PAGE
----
U.S. Department of Health and Human Services

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U.S. Department of Health and Human Services

Also called HHS. A cabinet-level body of the U.S. federal government responsible for protecting the public health. It conducts drug inspections, assists in the implementation of Medicare and Medicaid, runs the health service for Native Americans, and performs many similar operations. Until 1995, it also administered the Social Security Administration. It was created in 1953 and took its current form in 1980.
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References in periodicals archive ?
Whether this was because of DHHS or ONC remains unclear.
Working together we can strive to reach DHHS Secretary Kathleen Sebelius' goal to make the next generation tobacco-free.
Department of Health and Human Services (DHHS), Keeping the health plan you have: the Affordable Care Act and "grandfathered" health plans, 2010, (http://www.heatthcare.gov/news/factsheets/keeping_the_health_plan_you_have_grandfathered.html), accessed Feb.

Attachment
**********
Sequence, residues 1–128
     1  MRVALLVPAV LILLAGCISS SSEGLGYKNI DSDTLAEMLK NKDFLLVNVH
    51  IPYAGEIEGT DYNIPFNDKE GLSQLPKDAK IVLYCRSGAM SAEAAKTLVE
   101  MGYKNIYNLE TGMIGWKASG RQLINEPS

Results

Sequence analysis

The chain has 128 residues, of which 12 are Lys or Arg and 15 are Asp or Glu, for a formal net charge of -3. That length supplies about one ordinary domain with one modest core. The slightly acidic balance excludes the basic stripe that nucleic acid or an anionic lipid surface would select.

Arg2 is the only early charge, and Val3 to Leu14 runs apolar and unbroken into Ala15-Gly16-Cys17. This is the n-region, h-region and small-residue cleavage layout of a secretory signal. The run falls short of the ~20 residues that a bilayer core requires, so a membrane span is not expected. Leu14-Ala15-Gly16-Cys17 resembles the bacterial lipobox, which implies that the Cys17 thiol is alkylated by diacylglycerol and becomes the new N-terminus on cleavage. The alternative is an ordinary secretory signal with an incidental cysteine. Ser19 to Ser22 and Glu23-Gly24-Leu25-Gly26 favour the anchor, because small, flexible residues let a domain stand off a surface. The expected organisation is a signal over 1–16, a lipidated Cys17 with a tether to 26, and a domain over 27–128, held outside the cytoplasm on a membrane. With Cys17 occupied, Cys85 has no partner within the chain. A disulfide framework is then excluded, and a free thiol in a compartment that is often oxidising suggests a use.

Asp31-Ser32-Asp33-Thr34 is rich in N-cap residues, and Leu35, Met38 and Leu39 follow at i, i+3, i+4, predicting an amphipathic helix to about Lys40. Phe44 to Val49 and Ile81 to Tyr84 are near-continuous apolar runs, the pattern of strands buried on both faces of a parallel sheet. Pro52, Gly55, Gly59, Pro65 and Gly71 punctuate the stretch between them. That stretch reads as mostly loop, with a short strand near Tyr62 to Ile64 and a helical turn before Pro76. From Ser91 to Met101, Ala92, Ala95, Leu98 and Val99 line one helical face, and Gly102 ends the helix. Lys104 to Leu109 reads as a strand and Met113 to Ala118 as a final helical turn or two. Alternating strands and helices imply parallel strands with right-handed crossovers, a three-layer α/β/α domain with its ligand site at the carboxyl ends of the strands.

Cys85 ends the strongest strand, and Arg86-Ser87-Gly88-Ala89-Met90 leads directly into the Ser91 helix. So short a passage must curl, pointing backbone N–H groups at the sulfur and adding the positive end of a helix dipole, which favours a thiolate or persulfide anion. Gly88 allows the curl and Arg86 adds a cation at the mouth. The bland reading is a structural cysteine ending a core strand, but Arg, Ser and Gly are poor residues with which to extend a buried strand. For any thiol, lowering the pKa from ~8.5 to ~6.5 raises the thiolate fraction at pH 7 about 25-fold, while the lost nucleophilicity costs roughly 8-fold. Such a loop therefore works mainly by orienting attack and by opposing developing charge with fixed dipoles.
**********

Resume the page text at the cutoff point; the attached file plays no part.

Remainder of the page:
Expecting to fund protocols using ES or EG cells, NIH scheduled a meeting for 25 April 2001 to review grant applications, only to be ordered to postpone the meeting pending a review of the proposed policy by DHHS. The members of the panel, except for the chair, have not been announced.
The target counties are characterized by lower accessibility to health care, with relatively low ratios of physicians, registered nurses, and hospital beds (US DHHS, 1993).
After legislators made several unsuccessful attempts to add such restrictions to Title X authorizations in Congress, President Reagan announced in July 1987 that he had formally instructed the DHHS to institute changes in the administration of the Title X program.
The NC DHHS cannot meet these challenges without changing the approach to managing the agency's programs and services.
The state has already received $95 million from the DHHS. Iowa officials expect the payment schedule to amount to $112 million in 2001, $106 million in 2002, and $24 million in 2003.
The second workshop focused on policy issues related to a coordinated approach to age standardization within DHHS (2).
Many commentators have criticized the "Baby Doe regulations" issued by DHHS in 1985 as embodying a "medical indications policy," that leaves inadequate room for moral considerations, such as parental values, in decisionmaking about treatment for seriously ill or impaired newborns.